Strangers with Candy

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Strangers with Candy
Created byStephen Colbert
Paul Dinello
Amy Sedaris
Mitch Rouse
StarringAmy Sedaris
Stephen Colbert
Paul Dinello
Greg Hollimon
Country of originUnited States
Original languageEnglish
No. of seasons3
No. of episodes30 (List of episodes)
Running time23 minutes
Production companyComedy Partners
Original release
NetworkComedy Central
ReleaseApril 7, 1999 (1999-04-07) –
October 2, 2000 (2000-10-02)

Strangers with Candy is an American television sitcom created by Stephen Colbert, Paul Dinello, Amy Sedaris and Mitch Rouse that originally aired on Comedy Central from April 7, 1999, to October 2, 2000. Its timeslot was Sundays at 10:00 p.m. (ET). The series, inspired by after school specials, follows Jerri Blank (Sedaris) a 46-year-old woman, who after living as a prostitute and drug addict, decides to go back to high school and start doing things the right way. The series was produced by Comedy Partners, with Kent Alterman serving as executive producer and Colbert as co-producer.[1][2]

Strangers with Candy episodes were produced in a single-camera setup and were filmed between upstate New York and New Jersey. The pilot episode premiered on April 7, 1999, and three seasons followed. The series stars Sedaris, Colbert, Dinello and Greg Hollimon with a supporting cast that includes Roberto Gari, Deborah Rush, Larc Spies, Maria Thayer, Orlando Patoboy, Sarah Thyre and David Pasquesi.

Tonally, Strangers with Candy uses surreal humor to satirize after school specials and the sanitized, saccharine advice those shows would give to kids. The show altered the lessons so the principal character would always do the wrong thing. It was Comedy Central's first ever, live-action, narrative series. The show struggled with low ratings during its initial broadcast run. Despite the lack of audience, it is now known as a cult classic, having influenced numerous contemporary comedians and screenwriters. A prequel film of the same name was released in 2006.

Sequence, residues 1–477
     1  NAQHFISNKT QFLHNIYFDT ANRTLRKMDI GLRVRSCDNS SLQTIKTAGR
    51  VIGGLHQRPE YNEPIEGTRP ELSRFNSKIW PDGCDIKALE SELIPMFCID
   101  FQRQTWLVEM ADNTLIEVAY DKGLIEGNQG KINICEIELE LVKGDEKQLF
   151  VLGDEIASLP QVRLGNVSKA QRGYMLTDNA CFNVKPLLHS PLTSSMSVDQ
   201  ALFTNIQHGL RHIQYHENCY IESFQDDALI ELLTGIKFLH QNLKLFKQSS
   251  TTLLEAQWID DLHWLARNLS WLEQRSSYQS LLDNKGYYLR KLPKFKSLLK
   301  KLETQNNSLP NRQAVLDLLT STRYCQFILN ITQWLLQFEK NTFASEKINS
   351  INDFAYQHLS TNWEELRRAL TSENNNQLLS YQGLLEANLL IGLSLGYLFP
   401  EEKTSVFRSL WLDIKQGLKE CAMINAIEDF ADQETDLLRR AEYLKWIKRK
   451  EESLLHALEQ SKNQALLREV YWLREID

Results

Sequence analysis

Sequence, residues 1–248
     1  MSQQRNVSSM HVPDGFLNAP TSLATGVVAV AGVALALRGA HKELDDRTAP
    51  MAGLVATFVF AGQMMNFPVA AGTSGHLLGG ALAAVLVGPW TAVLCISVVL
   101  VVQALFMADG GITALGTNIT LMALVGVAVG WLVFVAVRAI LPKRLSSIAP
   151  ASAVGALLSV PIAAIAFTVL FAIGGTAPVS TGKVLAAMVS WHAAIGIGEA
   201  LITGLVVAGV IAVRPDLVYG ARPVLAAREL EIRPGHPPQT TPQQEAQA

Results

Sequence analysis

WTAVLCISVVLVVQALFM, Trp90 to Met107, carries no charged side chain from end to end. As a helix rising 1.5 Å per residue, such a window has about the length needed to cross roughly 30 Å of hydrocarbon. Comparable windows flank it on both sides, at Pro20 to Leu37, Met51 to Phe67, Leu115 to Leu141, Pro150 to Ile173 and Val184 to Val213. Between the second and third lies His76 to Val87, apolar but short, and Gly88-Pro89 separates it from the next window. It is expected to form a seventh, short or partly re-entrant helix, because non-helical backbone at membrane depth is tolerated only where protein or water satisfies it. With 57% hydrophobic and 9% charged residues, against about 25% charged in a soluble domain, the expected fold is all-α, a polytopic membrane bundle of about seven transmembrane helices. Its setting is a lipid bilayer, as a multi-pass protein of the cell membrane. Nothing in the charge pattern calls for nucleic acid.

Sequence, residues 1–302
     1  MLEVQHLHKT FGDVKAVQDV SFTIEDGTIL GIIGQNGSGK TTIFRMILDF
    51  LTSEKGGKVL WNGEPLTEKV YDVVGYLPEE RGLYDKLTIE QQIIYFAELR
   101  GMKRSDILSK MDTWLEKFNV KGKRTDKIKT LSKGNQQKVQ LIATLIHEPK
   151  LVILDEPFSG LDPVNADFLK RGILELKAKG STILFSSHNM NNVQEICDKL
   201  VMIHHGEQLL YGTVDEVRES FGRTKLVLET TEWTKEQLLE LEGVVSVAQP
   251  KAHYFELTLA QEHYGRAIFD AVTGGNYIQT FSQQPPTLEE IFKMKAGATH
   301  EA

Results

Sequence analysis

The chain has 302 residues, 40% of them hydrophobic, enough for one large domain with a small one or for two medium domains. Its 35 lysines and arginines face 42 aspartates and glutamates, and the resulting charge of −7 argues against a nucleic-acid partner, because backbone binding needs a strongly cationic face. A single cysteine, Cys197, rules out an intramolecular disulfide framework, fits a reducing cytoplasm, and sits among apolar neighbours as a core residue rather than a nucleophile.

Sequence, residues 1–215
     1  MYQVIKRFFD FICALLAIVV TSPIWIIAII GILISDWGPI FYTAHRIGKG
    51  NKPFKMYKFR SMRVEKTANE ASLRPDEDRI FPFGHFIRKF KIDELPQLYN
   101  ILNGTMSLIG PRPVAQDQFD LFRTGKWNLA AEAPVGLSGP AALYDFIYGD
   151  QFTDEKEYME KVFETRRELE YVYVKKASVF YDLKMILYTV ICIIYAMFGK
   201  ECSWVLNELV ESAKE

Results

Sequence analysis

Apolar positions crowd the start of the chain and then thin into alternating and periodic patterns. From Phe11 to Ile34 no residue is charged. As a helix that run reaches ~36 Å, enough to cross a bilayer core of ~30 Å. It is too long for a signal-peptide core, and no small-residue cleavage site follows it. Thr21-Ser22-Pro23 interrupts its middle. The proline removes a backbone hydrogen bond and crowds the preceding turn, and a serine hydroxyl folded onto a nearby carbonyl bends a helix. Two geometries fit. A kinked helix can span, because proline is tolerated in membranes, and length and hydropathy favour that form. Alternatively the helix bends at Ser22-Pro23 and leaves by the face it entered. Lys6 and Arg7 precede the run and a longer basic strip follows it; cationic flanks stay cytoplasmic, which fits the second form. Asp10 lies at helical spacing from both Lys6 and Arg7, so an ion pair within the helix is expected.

Set in the fictional city of Flatpoint, Strangers with Candy follows Geraldine Antonia "Jerri" Blank, a former prostitute and drug addict –referred to in the show as a "junkie whore"– who returns to high school as a 46-year-old freshman at Flatpoint High. Jerri ran away from home and became "a boozer, a user, and a loser" after dropping out of high school as a teenager, supporting her drug habits through prostitution, stripping, and larceny. She has been to prison several times, the last time because she "stole the TV."